Juniper has followed the lead of competitors Brocade and Cisco in launching a virtual router product. Their press release on this was refreshingly entertaining, offering the announcement in the context of an example of what it might do. The only problem is that Juniper hasn’t really done anything more than either Cisco or Brocade in explaining the benefits of virtual routers. That raises the question “Why not?”
Under the covers, every virtual router has a common goal—allow what used to be a router device to become a software-hosted equivalent. The most obvious benefit you’d achieve from this sort of substitution is the capex benefit, the assertion that the combination of the router license cost and the cost of the server that hosts it would be less than the cost of the “real” router device. It’s a kind of NFV argument, although routers were not specific targets of NFV.
The issue this creates from the vendor side is pretty clear. If a real router device costs x dollars, and the sum of the costs of software and server have to be no more than perhaps 0.75x, then the cost of the software has to be a lot less. That means that by promoting virtual routing, vendors are undermining their revenue stream.
Cisco and Juniper have deep issues here, obviously, because they’re in the router business. They either have to try to align the mission of their virtual products to minimize their impact on current router sales (which seems to be Cisco’s approach) or suggest there are benefits to virtual routers that go beyond capex—which is what Juniper’s press release implies.
Brocade can dodge this issue because its Vyatta line aims at a routing market where Brocade doesn’t field traditional devices at all. Arguably, Brocade is in the position to be the disruptor in this whole space because they have little or nothing to lose. Buy Vyatta and a server and save (for example) 25% of your budget off the top.
In the end, though, a vendor likes a market that’s getting bigger rather than getting smaller. Declining network budgets reduces the perceived importance of networks and the influence of network personnel. This, at a time when revolutions like SDN and NFV demand new concepts be explored and deployed. Cost reduction as a goal effectively drains the pool while you’re trying to learn to swim.
Juniper’s approach to evading a pure-capex-reduction value proposition, as it outlines in its release, is postulating a future of services where the network operator can turn on cloud-based features and applications from a simple portal, responding to business needs the way an OTT player could respond. It’s the most creative way Juniper has presented its offerings, and there’s an element of truth in what they propose. Also, three issues.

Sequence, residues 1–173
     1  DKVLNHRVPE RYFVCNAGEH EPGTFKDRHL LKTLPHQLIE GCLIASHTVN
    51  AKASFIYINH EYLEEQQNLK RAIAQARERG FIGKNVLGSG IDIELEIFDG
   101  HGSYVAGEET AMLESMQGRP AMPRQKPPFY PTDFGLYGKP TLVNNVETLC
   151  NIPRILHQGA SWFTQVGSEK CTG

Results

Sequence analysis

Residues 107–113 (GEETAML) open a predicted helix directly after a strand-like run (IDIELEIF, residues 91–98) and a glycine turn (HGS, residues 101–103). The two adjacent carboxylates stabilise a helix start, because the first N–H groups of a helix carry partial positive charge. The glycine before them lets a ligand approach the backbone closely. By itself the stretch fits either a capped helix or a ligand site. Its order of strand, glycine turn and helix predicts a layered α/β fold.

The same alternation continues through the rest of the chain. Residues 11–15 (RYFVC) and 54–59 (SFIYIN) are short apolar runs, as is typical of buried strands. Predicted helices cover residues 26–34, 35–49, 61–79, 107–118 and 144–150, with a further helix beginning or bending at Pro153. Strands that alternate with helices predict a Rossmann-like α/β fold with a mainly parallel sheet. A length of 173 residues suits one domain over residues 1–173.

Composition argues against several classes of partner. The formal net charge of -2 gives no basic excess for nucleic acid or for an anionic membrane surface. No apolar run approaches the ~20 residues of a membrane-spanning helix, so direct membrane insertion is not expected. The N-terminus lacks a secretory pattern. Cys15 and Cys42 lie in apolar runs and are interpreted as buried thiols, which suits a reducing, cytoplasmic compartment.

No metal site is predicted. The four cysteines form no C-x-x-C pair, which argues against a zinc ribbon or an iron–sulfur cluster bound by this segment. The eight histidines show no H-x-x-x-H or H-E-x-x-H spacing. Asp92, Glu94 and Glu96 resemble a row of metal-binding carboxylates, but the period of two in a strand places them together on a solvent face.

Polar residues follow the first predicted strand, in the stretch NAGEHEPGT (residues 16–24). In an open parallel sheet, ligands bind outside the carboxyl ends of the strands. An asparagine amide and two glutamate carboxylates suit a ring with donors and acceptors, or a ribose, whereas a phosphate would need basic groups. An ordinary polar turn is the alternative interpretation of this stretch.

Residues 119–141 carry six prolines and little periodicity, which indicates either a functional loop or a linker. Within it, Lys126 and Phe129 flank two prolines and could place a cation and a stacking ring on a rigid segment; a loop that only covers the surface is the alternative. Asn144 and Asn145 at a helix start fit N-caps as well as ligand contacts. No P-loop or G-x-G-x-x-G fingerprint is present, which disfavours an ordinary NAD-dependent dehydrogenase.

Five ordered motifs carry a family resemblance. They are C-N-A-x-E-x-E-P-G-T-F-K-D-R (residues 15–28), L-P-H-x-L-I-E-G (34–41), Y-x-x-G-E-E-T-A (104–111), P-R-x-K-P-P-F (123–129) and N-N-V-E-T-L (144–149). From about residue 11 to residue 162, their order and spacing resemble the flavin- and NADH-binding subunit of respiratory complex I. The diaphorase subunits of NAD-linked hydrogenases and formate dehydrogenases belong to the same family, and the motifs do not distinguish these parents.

The first issue is that service agility at the network level and service agility at the application level aren’t necessarily strongly related. If an enterprise wants to augment basic Internet with cloud-based UC/UCC and other applications (as the Juniper release proposes), most of that augmenting has to be done above the network. In fact, if the OTTs are really the preferred providers for these services as the release suggests, there can be no network tie at all since the OTTs can’t manipulate the network underneath.
The second issue is that whatever is agile and whoever provides it, you have a service management and operations problem first and a technology problem second. Building the kind of service described is an exercise in combined network/cloud orchestration and management, and so it’s really an example of what NFV should provide. Most of what vendors want to claim for operations efficiency and service agility can be claimed only if you change to a more comprehensive implementation of NFV-like MANO.
And issue three is critical. Servers are not as reliable as hardened devices, and while you can manage availability through resiliency and performance through load-balancing and scaling, this adds complexity to the operations side. It does you no good to postulate benefits that can be attained only at a cost that’s greater. Traditional network ops can’t manage virtual devices effectively.